RNA-seq libraries were prepared using the SMARTer Stranded RNA-Seq Kits (Takara). RNA-seq experiments were carried with an IG-CNS Illumina Hiseq2000. The RNA-seq samples have been sequenced in paired-end (PE) with a sizing of 260 bp and a read length of 100 bases. Four samples by lane of Hiseq2000 using individual bar-coded adapters and giving approximately 30 million of PE reads by sample were generated. To facilitate comparisons, each RNA-Seq sample followed the same pipeline from trimming to count of transcript abundance as follows. Read preprocessing criteria included trimming library adapters and performing quality control checks using FastQC. The raw data (fastq) were trimmed by fastx toolkit for Phred Quality Score > 20, read length > 30 bases, and the ribosome sequences were removed with tool sortMeRNA [73]. The mapper Bowtie 2 [74] was used to align reads against the Arabidopsis gene database TAIR10 (http://www.arabidopsis.org/) with one isoform per gene corresponding to the representative gene model. The abundance of each gene was calculated by a local script which parses SAM files and counts only reads that map unambiguously one gene, removing multi-hits. According to these rules, around 90% of PE reads were associated to a gene, 3 to 4% could not be mapped and 4 to 5% resulted in multi-hits and were discarded. For the differential analysis, genes which did not have at least 1 read after a count per million (CPM) normalization in at least one half of the samples were discarded. Library size was normalized using the method TMM and count distribution was modeled with a negative binomial generalized linear model where the harvest date was taken into account. Dispersion was estimated by the edgeR method (Version 1.12.0) [75] in the statistical software ‘R’ (Version 2.15.0, R Development Core Team). Expression differences were compared using likelihood ratio test and p values were adjusted by the Benjamini-Hochberg procedure to control FDR. A gene was declared differentially expressed if its adjusted p value was lower than 0.05.

Gene ontology studies

Gene ontology enrichment analyses were conducted at the Gene Ontology Consortium (http://geneontology.org/) website, using the “Enrichment analysis tool” and the annotation data sets “PANTHER GO-slim Biological Processes” and “PANTHER GO-slim Molecular Processes”. Only results with P < 0.05 are discussed in this paper.

PCA analyses

PCA analysis comparing the transcriptome of embryogenic cells and embryos at early developmental stages was performed by merging the raw read counts publicly available in Nodine MD and Bartel DP [35] (GEO series: GSE33713) with the raw read counts from our RNA-seq experiments. The merged raw read counts were normalized using the rlogTransformation function in DESeq2 package [76]. PCA analysis was performed on the resulting normalized values using the prcomp function in R.

We also performed PCA analysis comparing the expression patterns in our RNA-seq samples to that of cells derived from different root tissues obtained from the BAR website ( http://bar.utoronto.ca ). Expression values from the Root Tissue series were downloaded from BAR ( http://bar.utoronto.ca/ntools/cgi-bin/ATGE_Root_raw.txt ), natural log transformed and merged with the rlog normalized expression values from our RNA-seq data obtained with DESeq2. IN order to equalize the distribution of expression values between the microarray and RNA-seq datasets, we removed from the analyses low expressed genes in our RNA-seq dataset as indicated by the Cook’s distance cutoff in the DESeq2 package. This filtering resulted in a matrix of 16,532 genes that was used for PCA analysis with the prcomp function in R.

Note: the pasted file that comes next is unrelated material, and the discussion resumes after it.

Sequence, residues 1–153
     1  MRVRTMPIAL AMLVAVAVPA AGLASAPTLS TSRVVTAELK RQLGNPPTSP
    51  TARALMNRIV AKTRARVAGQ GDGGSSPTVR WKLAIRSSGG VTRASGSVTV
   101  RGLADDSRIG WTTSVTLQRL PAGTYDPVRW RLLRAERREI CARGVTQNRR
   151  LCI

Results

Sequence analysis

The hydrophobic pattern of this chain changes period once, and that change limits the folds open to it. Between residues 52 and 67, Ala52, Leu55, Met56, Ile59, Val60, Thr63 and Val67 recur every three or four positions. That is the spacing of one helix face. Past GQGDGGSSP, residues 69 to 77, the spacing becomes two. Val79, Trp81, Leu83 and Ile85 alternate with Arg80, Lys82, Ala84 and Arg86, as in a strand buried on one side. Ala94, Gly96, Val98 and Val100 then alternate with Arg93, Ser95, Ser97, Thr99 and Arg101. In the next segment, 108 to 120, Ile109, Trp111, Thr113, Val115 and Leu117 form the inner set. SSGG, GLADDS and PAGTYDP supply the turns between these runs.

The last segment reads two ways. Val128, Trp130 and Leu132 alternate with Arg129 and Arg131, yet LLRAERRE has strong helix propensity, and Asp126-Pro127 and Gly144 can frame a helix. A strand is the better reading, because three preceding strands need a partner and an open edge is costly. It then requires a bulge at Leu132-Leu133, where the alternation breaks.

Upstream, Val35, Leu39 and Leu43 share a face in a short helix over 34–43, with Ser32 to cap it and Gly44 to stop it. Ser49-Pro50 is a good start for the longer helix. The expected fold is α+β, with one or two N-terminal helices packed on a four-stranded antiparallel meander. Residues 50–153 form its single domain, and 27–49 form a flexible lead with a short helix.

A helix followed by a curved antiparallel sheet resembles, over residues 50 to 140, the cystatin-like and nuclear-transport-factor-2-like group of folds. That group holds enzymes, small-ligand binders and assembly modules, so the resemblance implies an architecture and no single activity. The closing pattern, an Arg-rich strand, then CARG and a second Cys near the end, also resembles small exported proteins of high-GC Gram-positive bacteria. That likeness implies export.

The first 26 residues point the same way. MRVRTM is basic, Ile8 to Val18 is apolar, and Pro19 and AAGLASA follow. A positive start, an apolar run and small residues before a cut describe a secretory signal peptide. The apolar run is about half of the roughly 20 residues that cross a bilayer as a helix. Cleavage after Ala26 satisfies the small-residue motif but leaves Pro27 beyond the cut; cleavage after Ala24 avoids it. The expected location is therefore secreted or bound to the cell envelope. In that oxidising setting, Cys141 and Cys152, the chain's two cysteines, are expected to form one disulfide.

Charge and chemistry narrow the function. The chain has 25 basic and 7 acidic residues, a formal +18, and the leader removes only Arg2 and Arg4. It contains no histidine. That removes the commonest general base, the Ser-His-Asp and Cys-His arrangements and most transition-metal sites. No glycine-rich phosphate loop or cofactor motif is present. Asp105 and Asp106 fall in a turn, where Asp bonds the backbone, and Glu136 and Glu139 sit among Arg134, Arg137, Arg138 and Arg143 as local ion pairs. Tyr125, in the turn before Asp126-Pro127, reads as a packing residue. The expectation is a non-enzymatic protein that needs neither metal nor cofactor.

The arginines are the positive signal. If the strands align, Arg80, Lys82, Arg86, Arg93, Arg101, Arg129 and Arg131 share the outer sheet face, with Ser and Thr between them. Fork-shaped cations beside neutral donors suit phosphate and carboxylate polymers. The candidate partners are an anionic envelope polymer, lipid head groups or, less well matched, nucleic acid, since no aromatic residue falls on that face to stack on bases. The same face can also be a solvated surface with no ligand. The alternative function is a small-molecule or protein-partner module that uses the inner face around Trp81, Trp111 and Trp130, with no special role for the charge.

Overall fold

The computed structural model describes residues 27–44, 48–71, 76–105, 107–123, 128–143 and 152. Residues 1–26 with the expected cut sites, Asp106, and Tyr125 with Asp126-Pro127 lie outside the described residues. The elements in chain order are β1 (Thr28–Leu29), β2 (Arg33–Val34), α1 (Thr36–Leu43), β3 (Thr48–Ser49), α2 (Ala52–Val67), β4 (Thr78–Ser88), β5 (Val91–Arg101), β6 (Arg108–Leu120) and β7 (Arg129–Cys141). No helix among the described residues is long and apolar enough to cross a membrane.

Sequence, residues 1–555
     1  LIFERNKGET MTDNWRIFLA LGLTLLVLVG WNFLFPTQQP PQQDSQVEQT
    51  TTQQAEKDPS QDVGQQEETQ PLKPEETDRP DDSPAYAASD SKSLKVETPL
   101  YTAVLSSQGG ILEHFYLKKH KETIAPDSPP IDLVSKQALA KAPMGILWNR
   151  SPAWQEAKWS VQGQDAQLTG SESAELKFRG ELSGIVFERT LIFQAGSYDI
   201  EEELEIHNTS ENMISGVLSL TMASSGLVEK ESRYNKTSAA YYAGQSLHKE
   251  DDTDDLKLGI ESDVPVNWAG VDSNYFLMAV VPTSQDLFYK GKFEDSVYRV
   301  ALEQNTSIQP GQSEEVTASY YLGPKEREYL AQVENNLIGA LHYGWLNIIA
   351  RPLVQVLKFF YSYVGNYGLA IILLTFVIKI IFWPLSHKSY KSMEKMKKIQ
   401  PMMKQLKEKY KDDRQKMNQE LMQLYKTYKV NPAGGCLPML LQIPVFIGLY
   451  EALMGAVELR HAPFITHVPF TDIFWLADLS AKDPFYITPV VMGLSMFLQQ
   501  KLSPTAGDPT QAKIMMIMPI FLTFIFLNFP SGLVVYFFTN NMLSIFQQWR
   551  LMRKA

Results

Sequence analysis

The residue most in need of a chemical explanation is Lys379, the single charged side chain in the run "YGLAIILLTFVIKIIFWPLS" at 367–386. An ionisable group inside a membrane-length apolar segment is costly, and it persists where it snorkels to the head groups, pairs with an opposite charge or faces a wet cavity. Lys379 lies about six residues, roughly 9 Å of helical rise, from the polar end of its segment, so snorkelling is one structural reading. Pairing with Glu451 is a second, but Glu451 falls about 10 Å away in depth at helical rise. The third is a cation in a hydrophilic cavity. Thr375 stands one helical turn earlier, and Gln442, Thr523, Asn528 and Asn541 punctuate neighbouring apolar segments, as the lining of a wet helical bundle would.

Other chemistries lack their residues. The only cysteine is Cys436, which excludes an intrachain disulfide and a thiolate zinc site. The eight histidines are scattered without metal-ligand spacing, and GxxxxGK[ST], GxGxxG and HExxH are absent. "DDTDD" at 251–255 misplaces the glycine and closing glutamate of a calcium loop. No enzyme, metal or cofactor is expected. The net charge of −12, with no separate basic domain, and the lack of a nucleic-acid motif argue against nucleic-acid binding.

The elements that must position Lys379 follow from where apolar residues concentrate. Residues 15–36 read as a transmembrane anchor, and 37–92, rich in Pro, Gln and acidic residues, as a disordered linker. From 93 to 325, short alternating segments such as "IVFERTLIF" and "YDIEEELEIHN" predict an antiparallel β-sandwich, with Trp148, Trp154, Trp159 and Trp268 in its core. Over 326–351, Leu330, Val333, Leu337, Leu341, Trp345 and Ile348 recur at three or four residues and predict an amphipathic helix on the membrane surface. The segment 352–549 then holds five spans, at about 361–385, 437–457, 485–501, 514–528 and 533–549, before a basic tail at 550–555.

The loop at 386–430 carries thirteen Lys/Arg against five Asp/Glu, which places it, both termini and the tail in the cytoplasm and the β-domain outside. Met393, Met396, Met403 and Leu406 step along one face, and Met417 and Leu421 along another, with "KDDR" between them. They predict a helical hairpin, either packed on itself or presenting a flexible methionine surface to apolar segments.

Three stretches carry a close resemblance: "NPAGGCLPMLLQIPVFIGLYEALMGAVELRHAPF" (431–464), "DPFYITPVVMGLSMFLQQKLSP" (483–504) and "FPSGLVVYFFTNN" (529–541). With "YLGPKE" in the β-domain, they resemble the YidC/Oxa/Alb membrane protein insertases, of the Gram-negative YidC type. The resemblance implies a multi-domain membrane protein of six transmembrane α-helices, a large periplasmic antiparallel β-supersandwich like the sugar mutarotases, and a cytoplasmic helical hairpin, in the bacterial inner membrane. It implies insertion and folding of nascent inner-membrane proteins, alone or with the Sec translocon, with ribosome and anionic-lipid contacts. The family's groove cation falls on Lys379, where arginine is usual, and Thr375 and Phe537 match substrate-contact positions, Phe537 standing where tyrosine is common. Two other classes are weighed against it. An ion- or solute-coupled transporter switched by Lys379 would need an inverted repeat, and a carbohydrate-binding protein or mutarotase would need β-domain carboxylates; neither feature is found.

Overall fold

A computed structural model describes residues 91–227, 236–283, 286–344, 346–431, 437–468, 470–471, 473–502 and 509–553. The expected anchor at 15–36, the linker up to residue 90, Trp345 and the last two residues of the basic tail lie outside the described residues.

Pseudo-Schiff propidium iodide mPS-PI staining and microscopy

This protocol allows the staining of cell walls of fixed plant material as developed by Xu et al., 2016 [77]. mPS-PI imaging was conducted with a Leica TCS-SP5 spectral 304 confocal laser scanning microscope (Leica Microsystems). GFP and DAPI fluorescence was detected using an epi-fluorescence (Zeiss Axiozoom).

Abbreviations

DEGs: 

Differentially expressed genes

INTACT: 

Isolation of nuclei tagged in specific cell types

SE: 

Somatic Embryogenesis

Declarations

Acknowledgements

We thank R.B Deal and S. Henikoff for sharing 35Spro:BirA transgenic plants and the ADF8:NTF construct. We thank Dr. J.C. Fletcher for helpful comments, N. Provart for advices on bioinformatics analyses, D. Grain for assistance with Arabidopsis handling, W. Xu for assistance with the INTACT method set up.

Funding

E.F. was supported by an EMBO long term fellowship (EMBO ALTF 243–2012). L.L. was funded by the LabEx Saclay Plant Sciences-SPS project GESEM. The IJPB benefits from the support of the LabEx Saclay Plant Sciences-SPS (ANR-10-LABX-0040-SPS). The funding agencies had no role in the design of the study and collection, analysis, and interpretation of data and in writing the manuscript.

Availability of data and materials

Sequence data from this article can be found in the Sequence Read Archive (SRA) data library (https://www.ncbi.nlm.nih.gov/sra) under accession number SRP126620 (Temporary Submission ID: SUB3340631; Release date: 2017–12-13). DEGs analysis is included in Additional file 3 Table S2. Other datasets used in this study are publicly available (see text for original sources).

Authors’ contributions

EM and EF performed the research. LST performed deep sequencing and DEGs analysis. EM, JMJG, LL and EF analyzed the data. EF designed the research and wrote the paper. All authors read and approved the manuscript.

Ethics approval and consent to participate

35Spro:BirA transgenic seeds were kindly provided by R.B Deal and S. Henikoff (Fred Hutchinson Cancer Research Center, Seattle, United States).

Consent for publication

Not Applicable.

Competing interests

The authors declare that they have no competing interests.

Publisher’s Note

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Open AccessThis article is distributed under the terms of the Creative Commons Attribution 4.0 International License (http://creativecommons.org/licenses/by/4.0/), which permits unrestricted use, distribution, and reproduction in any medium, provided you give appropriate credit to the original author(s) and the source, provide a link to the Creative Commons license, and indicate if changes were made. The Creative Commons Public Domain Dedication waiver (http://creativecommons.org/publicdomain/zero/1.0/) applies to the data made available in this article, unless otherwise stated.

Authors’ Affiliations

(1)
Insitut Jean-Pierre Bourgin (IJPB), INRA, AgroParisTech, CNRS, Université Paris-Saclay, INRA, Versailles Cedex, France
(2)
POPS, Plateforme TranscriptOmique, Institute of Plant Sciences, Université Paris-Saclay, Gif-sur-Yvette, France

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© The Author(s). 2017